“On the other hand, there is an increased focus on what’s not included, through ‘absence of’ or ‘free from’ claims. Finally, we’re also seeing the continual merge of the color and skin care worlds through multipurpose beauty products — items with an ability to nourish the skin, while also making the consumer look and feel beautiful. In fact, moisturizing ranks as a top benefit being sought after in makeup, according to a Mintel study.”

Hence, mass beauty sales are growing — according to Nielsen scanner data through March 24 — by about 5% gain in skin care. Categories that have typically been sleepy, such as acne, grew more than 40% in 2017, according to Kline. This is due, Kline officials said, to millennials’ desire for such DIY items as Neutrogena’s $34.99 Light Therapy Acne Mask and $19.99 Light Therapy Acne Spot Treatment.

“Filling a white space on the mass mask market, coupled with Neutrogena’s marketing prowess, the brand reaped an estimated 30% of acne device sales in 2017, which no other brand in the acne category has ever been able to garner,” said Kelly Alexandre, senior analyst and the research lead in a recent report released by Kline.

Other acne innovations are being seen from one the hottest segments within skin care: masks. Yes To Tomatoes Detoxifying Charcoal Sleeping Mask was one of the most buzzed-about masks in 2017, thanks to its lightweight cream texture, suitable for acne-prone skin. Beginning in April, the brand launched a single-use, peel-off version, as well as a SKU for brightening, Yes To Grapefruit Single Use Vitamin C Glow-Boosting Peel-Off Mask, in Walmart.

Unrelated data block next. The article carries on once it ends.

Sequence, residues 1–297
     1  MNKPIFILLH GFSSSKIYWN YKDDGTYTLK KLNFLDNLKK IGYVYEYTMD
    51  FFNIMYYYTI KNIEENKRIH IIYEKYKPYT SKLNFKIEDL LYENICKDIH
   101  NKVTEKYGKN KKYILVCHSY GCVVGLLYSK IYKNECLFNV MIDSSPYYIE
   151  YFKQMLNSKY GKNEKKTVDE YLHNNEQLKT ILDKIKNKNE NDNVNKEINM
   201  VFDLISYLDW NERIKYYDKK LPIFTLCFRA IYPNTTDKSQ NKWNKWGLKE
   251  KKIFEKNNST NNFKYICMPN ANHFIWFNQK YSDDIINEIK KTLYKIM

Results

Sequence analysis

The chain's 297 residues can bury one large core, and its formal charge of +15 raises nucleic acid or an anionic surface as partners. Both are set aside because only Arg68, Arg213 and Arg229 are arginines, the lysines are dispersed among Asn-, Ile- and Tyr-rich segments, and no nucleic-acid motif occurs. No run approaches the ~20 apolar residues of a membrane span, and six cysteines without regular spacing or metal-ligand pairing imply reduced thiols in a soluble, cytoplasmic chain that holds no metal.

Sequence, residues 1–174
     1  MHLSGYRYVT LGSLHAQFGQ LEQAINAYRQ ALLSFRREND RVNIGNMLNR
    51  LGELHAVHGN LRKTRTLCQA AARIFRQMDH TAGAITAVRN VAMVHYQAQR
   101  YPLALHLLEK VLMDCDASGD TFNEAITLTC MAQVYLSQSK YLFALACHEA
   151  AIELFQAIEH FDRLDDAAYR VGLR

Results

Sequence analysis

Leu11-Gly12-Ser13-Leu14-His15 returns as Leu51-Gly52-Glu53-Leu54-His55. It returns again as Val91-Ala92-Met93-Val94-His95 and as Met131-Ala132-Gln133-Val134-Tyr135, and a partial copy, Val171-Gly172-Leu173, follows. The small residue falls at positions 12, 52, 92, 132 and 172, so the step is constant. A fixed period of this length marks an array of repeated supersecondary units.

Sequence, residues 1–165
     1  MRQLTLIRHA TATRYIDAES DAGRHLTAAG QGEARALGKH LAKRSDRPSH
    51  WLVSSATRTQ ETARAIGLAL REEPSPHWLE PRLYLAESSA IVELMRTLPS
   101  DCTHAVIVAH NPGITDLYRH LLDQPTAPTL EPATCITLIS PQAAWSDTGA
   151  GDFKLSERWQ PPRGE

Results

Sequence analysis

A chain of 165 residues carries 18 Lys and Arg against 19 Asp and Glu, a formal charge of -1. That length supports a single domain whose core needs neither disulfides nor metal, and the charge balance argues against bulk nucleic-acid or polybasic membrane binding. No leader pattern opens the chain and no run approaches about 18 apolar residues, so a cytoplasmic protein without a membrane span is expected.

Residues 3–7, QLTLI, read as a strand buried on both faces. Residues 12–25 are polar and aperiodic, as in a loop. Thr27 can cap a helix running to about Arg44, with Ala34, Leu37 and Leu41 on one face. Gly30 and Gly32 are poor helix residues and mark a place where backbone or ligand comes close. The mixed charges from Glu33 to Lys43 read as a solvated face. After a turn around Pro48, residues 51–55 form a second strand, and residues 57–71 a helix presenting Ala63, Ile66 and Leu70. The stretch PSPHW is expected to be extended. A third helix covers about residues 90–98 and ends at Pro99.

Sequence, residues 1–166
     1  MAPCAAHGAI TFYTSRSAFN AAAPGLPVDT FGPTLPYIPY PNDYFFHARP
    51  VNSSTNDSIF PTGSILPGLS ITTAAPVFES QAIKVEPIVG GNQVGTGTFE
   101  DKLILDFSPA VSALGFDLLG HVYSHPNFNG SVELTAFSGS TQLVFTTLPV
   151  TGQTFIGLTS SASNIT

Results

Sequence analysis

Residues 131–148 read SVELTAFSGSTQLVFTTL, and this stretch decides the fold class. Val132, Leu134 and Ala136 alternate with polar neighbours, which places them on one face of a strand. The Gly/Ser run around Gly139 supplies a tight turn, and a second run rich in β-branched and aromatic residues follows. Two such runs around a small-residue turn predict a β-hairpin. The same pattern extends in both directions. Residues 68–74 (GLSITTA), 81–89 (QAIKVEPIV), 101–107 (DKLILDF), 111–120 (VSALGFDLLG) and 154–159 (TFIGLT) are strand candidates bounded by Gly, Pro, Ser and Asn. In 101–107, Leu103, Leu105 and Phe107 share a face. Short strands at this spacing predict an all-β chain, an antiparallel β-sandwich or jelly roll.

Jackel said the growth in natural is continuing to outpace the growth of mainstream by over 40%, based on the latest 12-week IRI data ending March 25. “I would expect this trend to continue given the growing desire for good-for-you beauty products, particularly among millennial consumers,” she said.

Proving that peel-off masks are the trend to watch in 2018, in April nügg launched several single-use, peel-off masks, including a Charcoal & Vitamin C Peel Off Face Mask for deep cleansing and a Tea Tree & Sea Silt Peel Off Face Mask to refresh and tone.

Earlier this fiscal year, Burt’s Bees launched a first-of-its-kind natural beauty collection at mass, which combined skin care expertise with professional makeup artist guidance to deliver high-performance beauty powered by natural ingredients.

“The beauty range is designed not only to make her look and feel beautiful, but to do so with ingredients that nourish and hydrate the skin. And, the line is made without parabens, phthalates, petrolatum, silicones, talc or synthetic fragrances,” Gregory said.